“My god, whatever is it?”
“They call it a Rat King - sometimes, when a litter of rats is born in a confined area, they get all tangled up as they grow, and then they can’t move, can’t leave the nest. These poor blighters might have been living in the hold for months, but when we took on all that water in the storm, their luck ran out.”
“Well, it’s nice to know we shared our ship with such charming fellow passengers. Any more of them down there?”
“Actually, very few. We think they must’ve followed the old adage, and abandoned the sinking ship.”
“There’s just one problem with that idea, Herbert.” She met his quizzical gaze with a cool stare. “The ship didn’t sink - it fetched up right here…”
Jane wanted sex that night. In bed she pawed at Herbert, stroking his back and chest, hooking one leg suggestively across him. He rebuffed her advances with the aplomb of an uptight vicar.
“I’d rather we didn’t, Darling - not tonight.”
“What do you mean,‘not tonight’? What about our precious bloody average?”
“I think we may have been barking up the wrong tree with that. You see, if there’s a deep-seated problem, it won’t matter how many times we… Well, Dr Grundy said…”
“Grundy? You spoke to him about our personal life?” Jane was mortified.
“He is a doctor, Dear - a man of science. He suggested it might be a good idea if he examined you, just in case.”
“I hope you told him to keep his grubby hands to himself.”
Herbert lay on his back, studying the ceiling intently. He took some time to reply.
“Well actually, I’ve thought about it, and I think you should let him.”
For almost a minute, Jane became one of her films - essentially speechless. Then she flung herself deep into the covers as if trying to burrow an escape tunnel. In the arctic silence that ensued, she could sense Herbert trying to formulate conciliatory words, but his diplomacy was nowhere good enough. He gave up, turning over and feigning deep sleep. Jane seethed for what seemed a long while, then flounced from the bed with gritted teeth and aching throat. She fervently hoped Melina would be sat on the verandah, but she was not. Jane stared out into the cool night, craving for a smoke. Pale lights from the stranded ship winked mockingly at her, and she felt unutterably alone. At length she stood up straight, sniffed, and forced herself not to cry. She waited until gooseflesh bloomed upon her arms and legs, then retreated back to bed, where Herbert was snoring peacefully. Her own sleep was fitful, and plagued by troubling, ephemeral dreams.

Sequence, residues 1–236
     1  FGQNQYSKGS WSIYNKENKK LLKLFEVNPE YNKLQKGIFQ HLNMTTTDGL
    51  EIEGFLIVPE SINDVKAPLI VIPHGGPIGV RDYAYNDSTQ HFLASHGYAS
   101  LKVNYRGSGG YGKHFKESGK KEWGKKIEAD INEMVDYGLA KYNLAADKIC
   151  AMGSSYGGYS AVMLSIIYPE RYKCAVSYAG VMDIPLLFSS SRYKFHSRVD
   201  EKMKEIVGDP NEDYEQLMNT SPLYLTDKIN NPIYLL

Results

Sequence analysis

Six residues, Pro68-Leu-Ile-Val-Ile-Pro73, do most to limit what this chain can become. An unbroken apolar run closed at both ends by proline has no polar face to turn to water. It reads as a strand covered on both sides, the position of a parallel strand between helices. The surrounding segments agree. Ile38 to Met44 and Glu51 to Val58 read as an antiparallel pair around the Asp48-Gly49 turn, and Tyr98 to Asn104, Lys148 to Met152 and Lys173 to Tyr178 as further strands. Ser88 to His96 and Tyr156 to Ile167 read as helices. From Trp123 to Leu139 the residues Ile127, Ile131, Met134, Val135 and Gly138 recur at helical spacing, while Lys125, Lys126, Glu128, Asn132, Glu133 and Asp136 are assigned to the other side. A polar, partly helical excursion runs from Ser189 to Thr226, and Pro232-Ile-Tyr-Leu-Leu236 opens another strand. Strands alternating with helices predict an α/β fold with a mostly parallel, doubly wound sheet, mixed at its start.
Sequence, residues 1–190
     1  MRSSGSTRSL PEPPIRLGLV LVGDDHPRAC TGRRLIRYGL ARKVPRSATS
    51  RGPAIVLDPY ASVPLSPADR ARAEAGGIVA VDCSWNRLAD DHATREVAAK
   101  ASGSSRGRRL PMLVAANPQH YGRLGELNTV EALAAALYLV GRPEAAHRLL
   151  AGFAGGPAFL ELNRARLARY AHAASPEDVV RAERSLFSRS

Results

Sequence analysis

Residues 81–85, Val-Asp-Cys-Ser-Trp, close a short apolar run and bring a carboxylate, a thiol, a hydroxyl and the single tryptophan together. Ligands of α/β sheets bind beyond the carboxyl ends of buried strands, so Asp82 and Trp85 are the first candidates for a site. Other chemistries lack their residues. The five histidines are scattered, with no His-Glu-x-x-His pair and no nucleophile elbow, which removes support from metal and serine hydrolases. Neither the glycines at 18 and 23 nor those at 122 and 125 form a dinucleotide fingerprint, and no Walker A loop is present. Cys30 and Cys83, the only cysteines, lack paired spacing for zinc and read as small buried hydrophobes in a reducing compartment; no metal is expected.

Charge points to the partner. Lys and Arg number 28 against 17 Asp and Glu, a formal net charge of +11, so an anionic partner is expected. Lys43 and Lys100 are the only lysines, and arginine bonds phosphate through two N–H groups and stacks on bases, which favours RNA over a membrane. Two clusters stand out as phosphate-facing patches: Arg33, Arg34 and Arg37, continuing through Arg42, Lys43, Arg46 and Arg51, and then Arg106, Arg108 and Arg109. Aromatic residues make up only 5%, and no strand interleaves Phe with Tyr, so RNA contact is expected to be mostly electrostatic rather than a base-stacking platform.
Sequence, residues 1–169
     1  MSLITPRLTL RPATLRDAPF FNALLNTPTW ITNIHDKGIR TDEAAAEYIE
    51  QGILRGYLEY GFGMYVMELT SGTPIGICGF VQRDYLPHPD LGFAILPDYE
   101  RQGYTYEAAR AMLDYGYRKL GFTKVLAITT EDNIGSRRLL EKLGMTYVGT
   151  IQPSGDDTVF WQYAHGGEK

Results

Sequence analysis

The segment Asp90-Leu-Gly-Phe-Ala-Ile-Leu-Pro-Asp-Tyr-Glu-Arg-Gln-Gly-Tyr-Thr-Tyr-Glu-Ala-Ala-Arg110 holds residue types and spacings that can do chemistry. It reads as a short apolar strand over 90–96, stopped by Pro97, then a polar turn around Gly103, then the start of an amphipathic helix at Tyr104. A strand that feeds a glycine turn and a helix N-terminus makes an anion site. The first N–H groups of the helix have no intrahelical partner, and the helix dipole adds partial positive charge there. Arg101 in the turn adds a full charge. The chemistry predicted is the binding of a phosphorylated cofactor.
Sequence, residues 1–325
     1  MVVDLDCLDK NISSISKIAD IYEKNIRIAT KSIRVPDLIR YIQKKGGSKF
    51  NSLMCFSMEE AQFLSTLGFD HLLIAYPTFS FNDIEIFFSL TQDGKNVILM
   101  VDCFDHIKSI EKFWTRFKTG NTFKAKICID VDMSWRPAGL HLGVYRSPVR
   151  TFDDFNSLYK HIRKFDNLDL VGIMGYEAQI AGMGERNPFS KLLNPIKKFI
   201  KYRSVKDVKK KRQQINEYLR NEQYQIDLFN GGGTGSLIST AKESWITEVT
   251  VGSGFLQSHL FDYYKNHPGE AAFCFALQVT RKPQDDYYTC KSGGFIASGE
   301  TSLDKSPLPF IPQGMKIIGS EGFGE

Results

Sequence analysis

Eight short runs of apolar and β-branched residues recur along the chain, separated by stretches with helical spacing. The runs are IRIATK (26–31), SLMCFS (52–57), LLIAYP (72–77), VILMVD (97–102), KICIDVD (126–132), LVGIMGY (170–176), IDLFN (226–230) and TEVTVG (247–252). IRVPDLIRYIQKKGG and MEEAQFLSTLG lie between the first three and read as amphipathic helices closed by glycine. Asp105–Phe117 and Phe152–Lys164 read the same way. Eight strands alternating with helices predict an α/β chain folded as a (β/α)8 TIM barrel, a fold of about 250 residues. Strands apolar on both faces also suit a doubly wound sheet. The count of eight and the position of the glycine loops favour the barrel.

Dr Grundy lowered the blinds with all due solemnity. His large table had been cleared, and liberally scrubbed with spirit. Jane, her nightdress hitched in voluminous folds up around her stomach,
lay down upon the hard surface with as much elegance as she could muster. Gently but firmly the doctor took her ankles, lifting and parting them until she had assumed the required pose.
“That’s a good girl,” he said, with the unconscious patronising of the professional medic. “Just stay like that, and try to relax. There may be a little discomfort.”
His cold fingers felt huge as they invaded her bone-dry intimacy. There was pain, but this was nothing to the sense of being violated, laid bare to the world. Despite her efforts to be brave, her eyes filled with water that seeped in slow rivulets from their corners, eventually to mingle with her hair. He probed and prodded, stretching her, and she mewled faintly in anguish. It seemed to drag on for a long while, but at last he withdrew - by then her pudenda were so numb it was as if they’d been amputated.
“There: that wasn’t so bad, was it?” said Grundy, heading for the washbasin. “I shall have to have a little chat with your husband, and we’ll see where we go from there. You’re free to leave.”
Jane struggled to dress herself, as her hands were trembling violently. She dried her eyes, repaired her complexion, and emerged blinking into the fresh, sunny morning. To her surprise, Melina was waiting for her.
“Hullo,” she said cheerily. “I thought we could go walking again, and you could give me my first lesson.”
Too worn down to protest, too stunned to deploy her sardonic humour, Jane followed the girl mutely as they retraced the previous day’s route. Up in the trees the birds still twittered merrily, though it seemed to Jane their chorus was not so intense - or perhaps her shame made her partially deaf. At least the Fantail was still there - it fluttered ahead of them for perhaps fifty yards, then darted into the branches. A sudden burst of melody, and it was gone.